Language learning online
There are very many websites or apps where learners can learn, practise and test their English online. For example, this site has thousands of interactive quizzes and games.
Another way that the internet can support the learning of English is that it allows learners to do their own analysis of the results returned by a search engine such as Google Of course, Google is not the only search engine. All the advice on this page applies also to other search engines such as Bing or Duck Duck Go. .
Of course, everyone knows how useful Google is in finding information on the internet. And most learners know that typing "searchword definition" (e.g. "superstitious definition ") into the Google search box will return a list of online dictionaries showing the definition of the search word, together with examples of the word in context.
@ Not all learners, however, realize how useful Google can also be in checking grammar, idioms or common word combinations (collocations). ~ In fact, Google provides access to a vast corpus (or store) of English text. This corpus contains data on virtually every aspect of the English language as it is used in real-world contexts.
In other words, the corpus contains text that people produce in real-world contexts. This is in contrast to much of the text that is created for language learning materials with the purpose of exemplifying grammar rules.
Imagine, for example, that the learner wants to know whether she should write: at the beginning of the book or in the beginning of the book.
If she types in these two search strings, she will get 331,00 hits for the first and 121,00 for the second. She can deduce, therefore, that both expressions are possible but that at the beginning of the book is the safer choice.
Similarly, the learner may not know the grammar of the verb to suggest and want to check the construction "suggested him to .. see a doctor / stop smoking / etc. ". If she types in the words suggested him to .. , she will get only 200 hits, which is suspiciously low. The string "suggested that he .. " returns 54,800 hits - and clearly this is the preferred construction.
Collocations are combinations of words that 'go together' and sound natural to a native speaker. For example, asleep goes together with fall, not with go or any other verb. And we say wide awake not very awake.
An internet search on word combinations such as these is helpful to determine which of two or more alternatives returns the greatest number of results. You can be reasonably sure that this is the preferred collocation.
Here you can read more on collocation.
A more specialised way to research English language grammar and usage than a simple Google search is with Google's Ngram viewer. nGram allows you to search in Google Books and compare two words or expressions.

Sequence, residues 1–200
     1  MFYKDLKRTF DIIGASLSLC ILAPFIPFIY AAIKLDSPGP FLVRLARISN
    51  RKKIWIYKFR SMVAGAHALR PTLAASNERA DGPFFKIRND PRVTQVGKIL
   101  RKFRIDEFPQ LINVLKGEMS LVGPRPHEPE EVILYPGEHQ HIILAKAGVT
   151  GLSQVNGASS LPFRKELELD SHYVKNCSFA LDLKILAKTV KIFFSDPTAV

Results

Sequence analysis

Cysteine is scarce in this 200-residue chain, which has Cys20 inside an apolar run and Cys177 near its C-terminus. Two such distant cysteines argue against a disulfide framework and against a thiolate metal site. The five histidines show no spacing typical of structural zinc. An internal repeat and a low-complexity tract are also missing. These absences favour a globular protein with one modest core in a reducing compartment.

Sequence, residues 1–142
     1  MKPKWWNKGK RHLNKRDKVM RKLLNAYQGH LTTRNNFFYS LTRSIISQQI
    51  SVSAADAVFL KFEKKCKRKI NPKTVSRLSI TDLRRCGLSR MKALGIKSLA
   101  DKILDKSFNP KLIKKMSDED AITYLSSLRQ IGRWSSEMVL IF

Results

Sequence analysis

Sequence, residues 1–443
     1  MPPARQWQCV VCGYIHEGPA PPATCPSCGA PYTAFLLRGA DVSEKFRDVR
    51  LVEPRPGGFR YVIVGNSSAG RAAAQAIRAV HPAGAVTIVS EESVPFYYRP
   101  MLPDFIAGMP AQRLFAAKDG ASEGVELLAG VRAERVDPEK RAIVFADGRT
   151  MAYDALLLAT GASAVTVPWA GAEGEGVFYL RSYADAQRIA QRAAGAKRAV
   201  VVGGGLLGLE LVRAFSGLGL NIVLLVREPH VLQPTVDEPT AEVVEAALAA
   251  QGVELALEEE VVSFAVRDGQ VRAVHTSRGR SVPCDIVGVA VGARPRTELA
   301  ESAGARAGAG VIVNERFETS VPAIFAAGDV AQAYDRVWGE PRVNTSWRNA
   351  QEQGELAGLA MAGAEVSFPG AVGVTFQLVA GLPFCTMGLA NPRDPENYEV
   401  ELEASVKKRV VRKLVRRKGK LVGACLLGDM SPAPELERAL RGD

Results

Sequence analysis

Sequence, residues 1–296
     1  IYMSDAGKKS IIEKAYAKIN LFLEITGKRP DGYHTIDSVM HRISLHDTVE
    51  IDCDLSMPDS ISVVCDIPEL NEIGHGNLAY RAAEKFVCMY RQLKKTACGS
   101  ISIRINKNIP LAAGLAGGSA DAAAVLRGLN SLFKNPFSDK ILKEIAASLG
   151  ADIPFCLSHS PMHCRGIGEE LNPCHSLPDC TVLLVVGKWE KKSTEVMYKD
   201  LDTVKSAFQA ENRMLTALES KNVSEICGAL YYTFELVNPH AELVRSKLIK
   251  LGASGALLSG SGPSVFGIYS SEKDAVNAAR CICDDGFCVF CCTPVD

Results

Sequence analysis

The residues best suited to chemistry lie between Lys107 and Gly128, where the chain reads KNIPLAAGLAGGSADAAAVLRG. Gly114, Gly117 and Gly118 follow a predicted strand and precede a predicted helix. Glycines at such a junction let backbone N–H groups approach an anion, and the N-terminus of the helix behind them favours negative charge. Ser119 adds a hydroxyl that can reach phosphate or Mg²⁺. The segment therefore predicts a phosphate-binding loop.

You enter the words or phrases in the input box and click Search lots of books. Google returns your search as a graph, showing the relative popularity (or use) of the words in the books that Google has digitized.
Below is an Ngram comparison of tall man (blue line) and high man (red line):
It is clear which is the more common collocation.
A second specialised way to research English is to use a concordancer. Concordancers are computer programs that run searches on a vast amount of written or (transcribed) spoken text.
When you type words into a concordancer, it shows you examples of those words in short sentence extracts.
On this website there is a simple concordancer. Here is a short extract of a concordance of the word eye from that page.
There is also a list of the major online English language corpora such as Collins Cobuild or the British National Corpus.
Keen English learners might wish to try out one or more of the research methods explained above.
Task: Which one in each of the following groups of expressions is grammatical English or the more common collocation?
- I don't hope she will .. / I hope she won't ..
- everybody has to .. / everybody have to ..
- I need informations about .. / I need an information about .. / I need information about ..
- (he) insisted me to .. / (he) insisted that I ..
- (it isn't) worth repairing .. / (it isn't) worth to be repaired ..
- a tall mountain / a high mountain
- a little interesting / quite interesting
- strong smoker / serious smoker / heavy smoker
- completely beautiful / incredibly beautiful
- you get in my nose / you get up my nose
Question and answer sites
There are various sites where you can ask native speakers (including teachers) about English. They are listed on the page Getting answers to English language questions.
@@ There are millions of pages in English on the internet that contain faulty grammar and usage. ~~ There are three main reason for this:
- The writer of the page is not a native-speaker of English.
- The writer of the page is a poorly-educated native-speaker of English.
- The writer of the page did not write with any care or attention to accuracy.
Learners are recommended, therefore, to restrict their online language research to the .edu domain. They can then be more confident that the pages returned will not contain grammatical or usage errors.